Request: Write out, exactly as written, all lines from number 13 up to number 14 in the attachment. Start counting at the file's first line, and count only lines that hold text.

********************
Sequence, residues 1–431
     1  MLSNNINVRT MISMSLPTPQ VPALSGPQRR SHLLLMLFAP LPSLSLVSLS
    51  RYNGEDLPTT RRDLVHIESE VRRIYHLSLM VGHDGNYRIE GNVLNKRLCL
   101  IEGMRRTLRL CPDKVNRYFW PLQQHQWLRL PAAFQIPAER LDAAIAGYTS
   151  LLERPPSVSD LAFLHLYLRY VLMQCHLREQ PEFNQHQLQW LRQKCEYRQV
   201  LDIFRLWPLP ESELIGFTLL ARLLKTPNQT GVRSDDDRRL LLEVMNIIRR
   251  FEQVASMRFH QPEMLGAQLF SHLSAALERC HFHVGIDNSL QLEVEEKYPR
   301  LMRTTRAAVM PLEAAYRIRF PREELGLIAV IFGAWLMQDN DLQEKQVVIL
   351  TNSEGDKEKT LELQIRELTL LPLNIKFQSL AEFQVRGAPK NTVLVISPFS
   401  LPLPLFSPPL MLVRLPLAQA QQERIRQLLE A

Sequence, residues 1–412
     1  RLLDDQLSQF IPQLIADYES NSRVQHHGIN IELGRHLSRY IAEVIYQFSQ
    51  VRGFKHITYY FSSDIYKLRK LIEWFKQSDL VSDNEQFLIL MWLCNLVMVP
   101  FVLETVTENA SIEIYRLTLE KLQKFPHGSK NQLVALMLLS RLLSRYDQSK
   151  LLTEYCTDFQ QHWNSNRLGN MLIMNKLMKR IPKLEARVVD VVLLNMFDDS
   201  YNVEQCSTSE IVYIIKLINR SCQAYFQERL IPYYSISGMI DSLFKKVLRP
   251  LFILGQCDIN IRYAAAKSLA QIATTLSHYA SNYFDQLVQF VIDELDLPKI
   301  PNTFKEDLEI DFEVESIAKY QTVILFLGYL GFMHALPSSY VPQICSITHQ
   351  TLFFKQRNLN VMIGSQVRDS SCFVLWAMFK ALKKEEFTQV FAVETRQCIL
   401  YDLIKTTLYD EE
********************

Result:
    51  VRGFKHITYY FSSDIYKLRK LIEWFKQSDL VSDNEQFLIL MWLCNLVMVP
   101  FVLETVTENA SIEIYRLTLE KLQKFPHGSK NQLVALMLLS RLLSRYDQSK